Honourable Mentions…

31 12 2008

As this years New Years Honours List is released to the public, so we get an opportunity to digest those deemed worthy by the Royal Family for knighthoods, or a variant of the BE award.

As I was returning from my wanderings around the Merry Hell Centre this lunch-time, I tuned into Jeremy Vine’s show on Radio 2. The topic under discussion was whether those who were given such honours actually deserved the award. It was an interesting question, especially given some of the people awarded. On the list were the likes of Lewis Hamilton (MBE), Rebecca Adlington (OBE) and Eleanor Simmonds (MBE). The BBC happily pronounces that “Sports stars lead New Years Honours”, as recognition for a successful Olympic games filters through to those who have decided upon the list.

I picked those three above as I think these most clearly indicate the counter-argument to the honours. Whilst it is undeniable that all three have had hugely successful years in their sporting disciplines, it is, I think, questionable as to whether they really deserve to be given such an award. All are under 25, indeed, Simmonds is just 14, yet all have been recognised, presumably “for services to sport” in this list. Chris Hoy has also been recognised, despite winning his first Olympic medal in 2004. Hoy has gone on to proving himself over the course of time in his sport. Sir Steven Redgrave was only knighted after winning his fifth gold medal. These people have proven themselves over the course of time in their disciplines. Hamilton, Adlington et al have yet to achieve such sporting dominance in their fields, despite success this year.

This is not the first time we have been quick to knight sports stars, the whole England cricket team were knighted after winning the Ashes in 2005, yet failed to follow up such a victory with any sort of dominance. The same happened with the England rugby team in 2003. As a nation we are keen to praise those who do well, and this is fine, but there is surely a limit to our praise? Surely people such as those mentioned above should be content to do well in their sport, and be rewarded with a knighthood if they maintain such performances?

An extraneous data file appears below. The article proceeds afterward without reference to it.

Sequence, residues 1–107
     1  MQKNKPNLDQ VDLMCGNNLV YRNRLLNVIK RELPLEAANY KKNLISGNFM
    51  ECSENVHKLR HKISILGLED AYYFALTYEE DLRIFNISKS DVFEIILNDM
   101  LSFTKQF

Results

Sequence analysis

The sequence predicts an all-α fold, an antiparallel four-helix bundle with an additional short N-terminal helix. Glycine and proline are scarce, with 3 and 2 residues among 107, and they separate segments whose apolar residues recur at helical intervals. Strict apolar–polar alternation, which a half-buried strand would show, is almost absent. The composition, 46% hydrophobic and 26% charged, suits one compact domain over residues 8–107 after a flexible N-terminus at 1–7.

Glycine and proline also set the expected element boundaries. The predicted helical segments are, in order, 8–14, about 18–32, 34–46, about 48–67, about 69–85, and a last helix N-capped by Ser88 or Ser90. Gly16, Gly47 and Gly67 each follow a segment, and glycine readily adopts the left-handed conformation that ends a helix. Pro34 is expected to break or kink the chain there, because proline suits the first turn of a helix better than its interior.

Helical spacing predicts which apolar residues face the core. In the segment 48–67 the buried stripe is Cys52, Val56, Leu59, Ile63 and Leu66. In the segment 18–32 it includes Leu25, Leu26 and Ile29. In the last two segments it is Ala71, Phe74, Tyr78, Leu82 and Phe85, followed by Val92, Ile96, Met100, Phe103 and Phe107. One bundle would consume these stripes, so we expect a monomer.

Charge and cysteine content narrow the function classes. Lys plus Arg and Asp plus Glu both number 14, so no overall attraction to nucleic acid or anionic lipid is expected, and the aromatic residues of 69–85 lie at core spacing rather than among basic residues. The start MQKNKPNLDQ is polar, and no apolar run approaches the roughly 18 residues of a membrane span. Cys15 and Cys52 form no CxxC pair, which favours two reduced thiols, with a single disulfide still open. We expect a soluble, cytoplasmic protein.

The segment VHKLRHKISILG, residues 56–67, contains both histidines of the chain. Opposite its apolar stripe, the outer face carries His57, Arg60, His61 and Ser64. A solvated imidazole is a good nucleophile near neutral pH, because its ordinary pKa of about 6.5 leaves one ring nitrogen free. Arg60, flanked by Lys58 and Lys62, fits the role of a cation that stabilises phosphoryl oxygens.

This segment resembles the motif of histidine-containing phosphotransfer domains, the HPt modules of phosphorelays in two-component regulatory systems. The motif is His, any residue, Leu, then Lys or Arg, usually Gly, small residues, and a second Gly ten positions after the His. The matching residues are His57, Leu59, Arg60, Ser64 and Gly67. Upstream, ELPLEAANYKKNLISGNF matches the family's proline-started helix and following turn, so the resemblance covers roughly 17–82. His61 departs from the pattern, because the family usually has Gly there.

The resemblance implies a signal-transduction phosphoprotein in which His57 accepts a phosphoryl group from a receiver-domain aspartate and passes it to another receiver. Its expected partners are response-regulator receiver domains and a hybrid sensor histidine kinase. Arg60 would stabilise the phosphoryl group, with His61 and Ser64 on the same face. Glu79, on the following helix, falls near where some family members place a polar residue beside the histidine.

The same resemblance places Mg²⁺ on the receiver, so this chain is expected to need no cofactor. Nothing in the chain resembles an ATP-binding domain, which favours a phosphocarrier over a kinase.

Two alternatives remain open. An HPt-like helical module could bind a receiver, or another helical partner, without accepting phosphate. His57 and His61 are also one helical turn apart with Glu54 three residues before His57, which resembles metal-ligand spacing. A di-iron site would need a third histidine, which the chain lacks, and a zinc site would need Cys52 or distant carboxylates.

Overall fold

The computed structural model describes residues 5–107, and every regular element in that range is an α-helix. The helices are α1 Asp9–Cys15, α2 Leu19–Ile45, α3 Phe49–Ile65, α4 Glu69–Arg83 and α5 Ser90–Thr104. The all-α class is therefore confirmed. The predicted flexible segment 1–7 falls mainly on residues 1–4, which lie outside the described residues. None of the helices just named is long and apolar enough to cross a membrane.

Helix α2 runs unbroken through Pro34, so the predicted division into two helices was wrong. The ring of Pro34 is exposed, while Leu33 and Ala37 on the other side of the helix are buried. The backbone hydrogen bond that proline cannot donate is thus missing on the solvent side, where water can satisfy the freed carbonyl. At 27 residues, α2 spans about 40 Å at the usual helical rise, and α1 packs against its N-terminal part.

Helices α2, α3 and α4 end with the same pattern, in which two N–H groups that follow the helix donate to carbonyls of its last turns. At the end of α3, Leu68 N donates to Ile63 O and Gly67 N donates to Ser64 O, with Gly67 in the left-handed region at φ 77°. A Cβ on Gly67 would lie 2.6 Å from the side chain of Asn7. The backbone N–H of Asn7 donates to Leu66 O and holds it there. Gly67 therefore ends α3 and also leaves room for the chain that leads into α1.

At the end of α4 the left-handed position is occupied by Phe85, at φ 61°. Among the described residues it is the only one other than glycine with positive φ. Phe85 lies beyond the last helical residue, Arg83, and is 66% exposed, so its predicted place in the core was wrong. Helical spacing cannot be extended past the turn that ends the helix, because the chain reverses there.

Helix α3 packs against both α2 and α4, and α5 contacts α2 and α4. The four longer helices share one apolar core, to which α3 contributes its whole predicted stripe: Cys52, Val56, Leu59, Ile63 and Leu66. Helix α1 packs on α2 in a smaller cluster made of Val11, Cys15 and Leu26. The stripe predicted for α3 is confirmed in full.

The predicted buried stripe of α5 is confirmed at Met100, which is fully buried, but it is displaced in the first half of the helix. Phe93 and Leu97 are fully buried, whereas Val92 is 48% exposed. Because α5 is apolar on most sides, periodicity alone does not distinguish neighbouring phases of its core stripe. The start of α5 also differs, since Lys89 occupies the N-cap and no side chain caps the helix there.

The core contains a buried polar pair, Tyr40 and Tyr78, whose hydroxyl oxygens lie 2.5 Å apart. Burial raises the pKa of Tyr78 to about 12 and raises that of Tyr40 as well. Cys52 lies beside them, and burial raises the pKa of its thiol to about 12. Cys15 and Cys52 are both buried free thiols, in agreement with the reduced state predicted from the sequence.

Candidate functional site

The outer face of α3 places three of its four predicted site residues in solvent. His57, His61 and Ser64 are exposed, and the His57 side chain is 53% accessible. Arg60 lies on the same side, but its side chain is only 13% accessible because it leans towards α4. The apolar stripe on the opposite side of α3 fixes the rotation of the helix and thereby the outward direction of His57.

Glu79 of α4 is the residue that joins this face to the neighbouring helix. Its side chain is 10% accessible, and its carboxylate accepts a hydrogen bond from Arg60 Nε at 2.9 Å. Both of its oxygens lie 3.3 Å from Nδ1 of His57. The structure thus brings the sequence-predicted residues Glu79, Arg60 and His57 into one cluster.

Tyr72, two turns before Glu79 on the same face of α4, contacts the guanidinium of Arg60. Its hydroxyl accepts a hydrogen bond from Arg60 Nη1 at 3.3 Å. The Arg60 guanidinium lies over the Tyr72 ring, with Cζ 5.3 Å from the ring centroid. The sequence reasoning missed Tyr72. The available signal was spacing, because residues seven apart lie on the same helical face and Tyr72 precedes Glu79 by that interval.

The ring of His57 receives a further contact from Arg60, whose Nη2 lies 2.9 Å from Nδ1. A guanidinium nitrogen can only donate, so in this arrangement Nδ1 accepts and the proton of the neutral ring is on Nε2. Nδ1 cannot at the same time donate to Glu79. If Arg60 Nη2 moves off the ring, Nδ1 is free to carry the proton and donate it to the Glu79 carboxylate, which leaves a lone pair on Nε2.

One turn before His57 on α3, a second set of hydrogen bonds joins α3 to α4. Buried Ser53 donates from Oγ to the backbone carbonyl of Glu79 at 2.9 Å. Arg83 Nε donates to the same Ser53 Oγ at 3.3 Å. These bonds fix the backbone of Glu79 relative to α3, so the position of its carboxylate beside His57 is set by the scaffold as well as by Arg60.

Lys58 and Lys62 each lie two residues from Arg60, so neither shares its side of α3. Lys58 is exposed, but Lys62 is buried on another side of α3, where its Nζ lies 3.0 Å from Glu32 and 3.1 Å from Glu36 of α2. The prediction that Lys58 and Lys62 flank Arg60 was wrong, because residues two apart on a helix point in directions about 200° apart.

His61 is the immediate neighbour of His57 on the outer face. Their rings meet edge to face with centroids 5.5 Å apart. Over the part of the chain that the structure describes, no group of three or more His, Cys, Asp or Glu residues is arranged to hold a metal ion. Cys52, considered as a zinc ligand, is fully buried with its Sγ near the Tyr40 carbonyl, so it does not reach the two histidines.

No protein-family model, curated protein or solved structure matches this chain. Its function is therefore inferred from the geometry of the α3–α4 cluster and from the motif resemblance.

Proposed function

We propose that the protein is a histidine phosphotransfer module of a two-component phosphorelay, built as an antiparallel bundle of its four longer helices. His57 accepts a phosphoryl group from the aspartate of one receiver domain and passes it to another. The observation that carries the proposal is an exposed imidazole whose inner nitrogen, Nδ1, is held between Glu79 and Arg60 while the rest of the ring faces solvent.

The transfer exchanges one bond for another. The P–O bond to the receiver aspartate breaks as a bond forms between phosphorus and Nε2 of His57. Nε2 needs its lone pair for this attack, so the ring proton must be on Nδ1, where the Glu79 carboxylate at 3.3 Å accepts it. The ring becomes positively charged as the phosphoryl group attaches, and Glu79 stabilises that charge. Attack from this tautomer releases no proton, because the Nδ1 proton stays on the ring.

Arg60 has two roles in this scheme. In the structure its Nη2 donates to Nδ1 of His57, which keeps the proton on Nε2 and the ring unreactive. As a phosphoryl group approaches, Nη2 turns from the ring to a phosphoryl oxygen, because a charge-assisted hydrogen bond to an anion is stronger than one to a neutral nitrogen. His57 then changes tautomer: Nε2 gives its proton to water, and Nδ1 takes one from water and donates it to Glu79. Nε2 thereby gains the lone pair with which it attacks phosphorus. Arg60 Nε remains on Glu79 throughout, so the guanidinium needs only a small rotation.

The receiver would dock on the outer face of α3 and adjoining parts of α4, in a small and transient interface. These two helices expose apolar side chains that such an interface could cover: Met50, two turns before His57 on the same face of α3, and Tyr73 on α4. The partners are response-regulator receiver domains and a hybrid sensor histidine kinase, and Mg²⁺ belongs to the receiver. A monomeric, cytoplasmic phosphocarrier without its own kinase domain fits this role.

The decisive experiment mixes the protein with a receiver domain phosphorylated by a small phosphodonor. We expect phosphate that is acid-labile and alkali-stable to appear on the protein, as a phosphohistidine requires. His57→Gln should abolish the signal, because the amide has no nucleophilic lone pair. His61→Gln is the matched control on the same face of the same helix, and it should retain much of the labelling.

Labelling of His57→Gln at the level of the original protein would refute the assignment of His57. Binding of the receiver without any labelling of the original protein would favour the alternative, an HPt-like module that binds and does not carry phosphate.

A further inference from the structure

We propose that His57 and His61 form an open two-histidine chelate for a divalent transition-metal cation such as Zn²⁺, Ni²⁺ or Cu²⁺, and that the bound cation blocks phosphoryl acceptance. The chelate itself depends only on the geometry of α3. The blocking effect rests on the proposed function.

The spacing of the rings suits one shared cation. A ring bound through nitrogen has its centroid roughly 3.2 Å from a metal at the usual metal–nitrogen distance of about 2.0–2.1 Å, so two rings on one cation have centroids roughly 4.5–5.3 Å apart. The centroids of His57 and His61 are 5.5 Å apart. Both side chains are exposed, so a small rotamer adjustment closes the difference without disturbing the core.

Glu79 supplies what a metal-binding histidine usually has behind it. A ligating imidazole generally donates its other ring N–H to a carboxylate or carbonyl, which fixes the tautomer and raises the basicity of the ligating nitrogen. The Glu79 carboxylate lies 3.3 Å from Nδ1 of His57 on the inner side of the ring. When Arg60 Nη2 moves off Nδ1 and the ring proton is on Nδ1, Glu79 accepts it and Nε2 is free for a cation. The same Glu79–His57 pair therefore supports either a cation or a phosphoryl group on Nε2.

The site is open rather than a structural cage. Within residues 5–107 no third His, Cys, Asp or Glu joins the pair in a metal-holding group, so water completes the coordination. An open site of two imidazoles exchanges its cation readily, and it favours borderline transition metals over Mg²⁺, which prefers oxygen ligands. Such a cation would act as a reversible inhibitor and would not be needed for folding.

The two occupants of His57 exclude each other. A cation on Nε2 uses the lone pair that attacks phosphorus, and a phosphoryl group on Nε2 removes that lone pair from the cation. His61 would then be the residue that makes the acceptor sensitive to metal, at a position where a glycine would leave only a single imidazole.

Don’t get me wrong, I am a fan of the idea of our honours system, I think it is right that people who work for the good of the nation get rewarded by the nation. Soldiers have always been honoured with medals for bravery. Doctors, nurses, and bin-men alike all help the country, yet when was the last time a bin-man got a knighthood? The trend of rewarding celebrities with knighthoods is a growing one it seems, and this seems somehow wrong.



16 12 2008

As 2008 draws towards its close, and various different polls pop up with the best or worst things from the year, I thought I too would add my thoughts as to the ‘best’ things from the year that was. There will be a ‘slated’ later in the week.

Best Film:-

The Dark Knight. Which is odd given I was really disappointed by the ending. There was a real opportunity to develop Two-Face into a serious bad-guy in a subsequent film but instead the writers and directors tagged an additional half an hour onto the end and killed him straight away. This aside, I think this film was pretty good, Ledger’s turn as the Joker was impressive, Bale has that cold calmness required of a Batman actor, and generally anything with Morgan Freeman should be considered good. Rumours abound of Johnny Depp playing the Riddler in the next film, which should be pretty impressive.

Best Album:-

Slipway Fires by Razorlight. I haven’t bought many albums this year, but this one has just been on repeat in my car pretty much since I got it. It might be a short album, but musically and lyrically I have to say I am loving the third offering from Borrell and co. Opening with Wire to Wire and closing with The House, the whole album is pretty damn good. Go get it if you haven’t already.

Best Single:-

Parallel Worlds by Elliot Minor. Played an awful lot by Kerrang, this song has something really catchy about it, be it the lyrics or the music. Well worth a listen, as is some of their other stuff.